2. Directional Lines: Lines that extend from the start point of one activity to another are usually arrows. These arrows show the direction of the workflow. The flow of action follows the direction of these arrows, moving from one activity to the next.
  3. Activity Icons: Each step in the process is represented by an icon or symbol that denotes the type of activity.
  4. Sequential Flow: When an arrow connects one activity directly to another, it indicates that the second activity will commence immediately after the first one is completed. This linear sequence shows a clear start and end point for each activity.
  5. Branching and Decision Points: Some lines may split into two or more paths, signifying a decision point where the flow can branch off based on certain conditions. Each branch will lead to different activities, showing conditional paths of action.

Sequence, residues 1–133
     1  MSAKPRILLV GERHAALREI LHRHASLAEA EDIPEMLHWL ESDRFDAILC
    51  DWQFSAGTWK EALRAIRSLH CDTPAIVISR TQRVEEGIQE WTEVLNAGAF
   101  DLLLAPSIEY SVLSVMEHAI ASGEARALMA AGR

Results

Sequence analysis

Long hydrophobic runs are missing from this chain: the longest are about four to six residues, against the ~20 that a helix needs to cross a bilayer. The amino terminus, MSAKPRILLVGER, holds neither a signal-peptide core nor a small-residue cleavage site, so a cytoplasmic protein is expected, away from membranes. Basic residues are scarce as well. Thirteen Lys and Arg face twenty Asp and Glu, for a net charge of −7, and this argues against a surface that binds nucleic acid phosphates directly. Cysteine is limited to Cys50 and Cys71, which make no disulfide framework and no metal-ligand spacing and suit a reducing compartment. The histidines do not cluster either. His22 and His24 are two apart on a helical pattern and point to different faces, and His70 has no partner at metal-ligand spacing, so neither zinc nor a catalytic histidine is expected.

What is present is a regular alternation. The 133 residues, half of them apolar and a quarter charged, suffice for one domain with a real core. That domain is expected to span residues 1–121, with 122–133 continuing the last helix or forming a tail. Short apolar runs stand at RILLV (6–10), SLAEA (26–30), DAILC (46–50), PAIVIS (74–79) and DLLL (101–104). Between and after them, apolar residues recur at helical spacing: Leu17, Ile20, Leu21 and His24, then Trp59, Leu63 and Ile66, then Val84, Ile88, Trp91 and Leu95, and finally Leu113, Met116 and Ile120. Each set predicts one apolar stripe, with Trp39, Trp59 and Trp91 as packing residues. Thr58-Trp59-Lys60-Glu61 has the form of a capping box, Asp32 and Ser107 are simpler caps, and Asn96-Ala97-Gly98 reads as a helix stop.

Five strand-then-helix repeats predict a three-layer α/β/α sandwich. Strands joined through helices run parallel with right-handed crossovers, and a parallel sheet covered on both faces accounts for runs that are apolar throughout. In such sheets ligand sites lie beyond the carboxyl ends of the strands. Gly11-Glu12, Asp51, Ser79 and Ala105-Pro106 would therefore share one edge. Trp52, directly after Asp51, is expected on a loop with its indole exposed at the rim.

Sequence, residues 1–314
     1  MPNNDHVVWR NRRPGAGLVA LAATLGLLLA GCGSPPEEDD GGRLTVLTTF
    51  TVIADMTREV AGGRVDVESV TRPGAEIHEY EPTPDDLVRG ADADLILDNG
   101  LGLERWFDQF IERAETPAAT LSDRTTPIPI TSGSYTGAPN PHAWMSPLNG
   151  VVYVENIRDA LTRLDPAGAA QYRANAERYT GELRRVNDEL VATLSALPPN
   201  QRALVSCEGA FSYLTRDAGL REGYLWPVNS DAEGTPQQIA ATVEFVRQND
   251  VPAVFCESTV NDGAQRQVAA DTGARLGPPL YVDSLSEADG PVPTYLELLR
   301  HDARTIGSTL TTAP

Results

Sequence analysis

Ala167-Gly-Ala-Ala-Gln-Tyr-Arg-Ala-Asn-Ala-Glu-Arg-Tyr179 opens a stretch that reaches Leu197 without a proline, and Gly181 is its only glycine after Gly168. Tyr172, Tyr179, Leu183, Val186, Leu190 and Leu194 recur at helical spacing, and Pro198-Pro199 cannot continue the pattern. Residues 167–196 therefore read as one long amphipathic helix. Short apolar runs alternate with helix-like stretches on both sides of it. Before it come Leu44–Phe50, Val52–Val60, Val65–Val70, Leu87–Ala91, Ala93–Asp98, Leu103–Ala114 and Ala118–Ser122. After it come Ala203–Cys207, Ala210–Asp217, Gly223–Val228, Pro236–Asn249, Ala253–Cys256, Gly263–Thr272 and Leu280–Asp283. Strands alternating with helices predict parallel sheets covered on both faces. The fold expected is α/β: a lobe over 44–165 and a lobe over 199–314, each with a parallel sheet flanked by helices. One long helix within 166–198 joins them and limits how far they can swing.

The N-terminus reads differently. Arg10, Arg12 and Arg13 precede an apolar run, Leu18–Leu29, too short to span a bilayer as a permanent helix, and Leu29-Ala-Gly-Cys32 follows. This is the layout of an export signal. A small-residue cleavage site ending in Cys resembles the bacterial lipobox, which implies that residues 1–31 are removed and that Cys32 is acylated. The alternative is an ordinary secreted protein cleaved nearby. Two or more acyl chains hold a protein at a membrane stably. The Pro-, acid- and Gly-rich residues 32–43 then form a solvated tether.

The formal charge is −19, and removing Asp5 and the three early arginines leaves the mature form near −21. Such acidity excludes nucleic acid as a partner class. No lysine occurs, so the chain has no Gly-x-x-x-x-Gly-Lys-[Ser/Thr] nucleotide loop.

6. Convergence Points: Conversely, lines from different activities may converge into a single line, indicating that multiple activities may need to be completed before moving on to the next step in the flow.
  7. Loops: Loops in the flow diagram allow for repeating a sequence of activities until a specific condition is met.
  8. End Point: The flow of action concludes at an endpoint, represented by the endEvent icon; this indicates the completion of the process or that the flow has reached a state where no further action is taken. The endEvent must include an Object returned by the flow. This can be, for instance, return the response in a webhook. All lines must converge before the flow ends.

Technical Note: When the app is committed, a flow is converted to a Java class. In Wizzdi Cloud, committing includes compilation.

Flow Diagram Tools

[F4] Flow general view legend.
Below is a list of diagram tools and activities that may be placed in a flow diagram. Items 1-5 and 16 through 18 are diagram tools.

  1. Go Back: Quit editing
  2. Flow Name.
  3. Edit Flow Details: edit name, description, and package name. Please do not change the package name unless you understand its purpose and you adhere to Java package name rules.
  4. Undo: revert a diagram change.
  5. Redo: revert undo.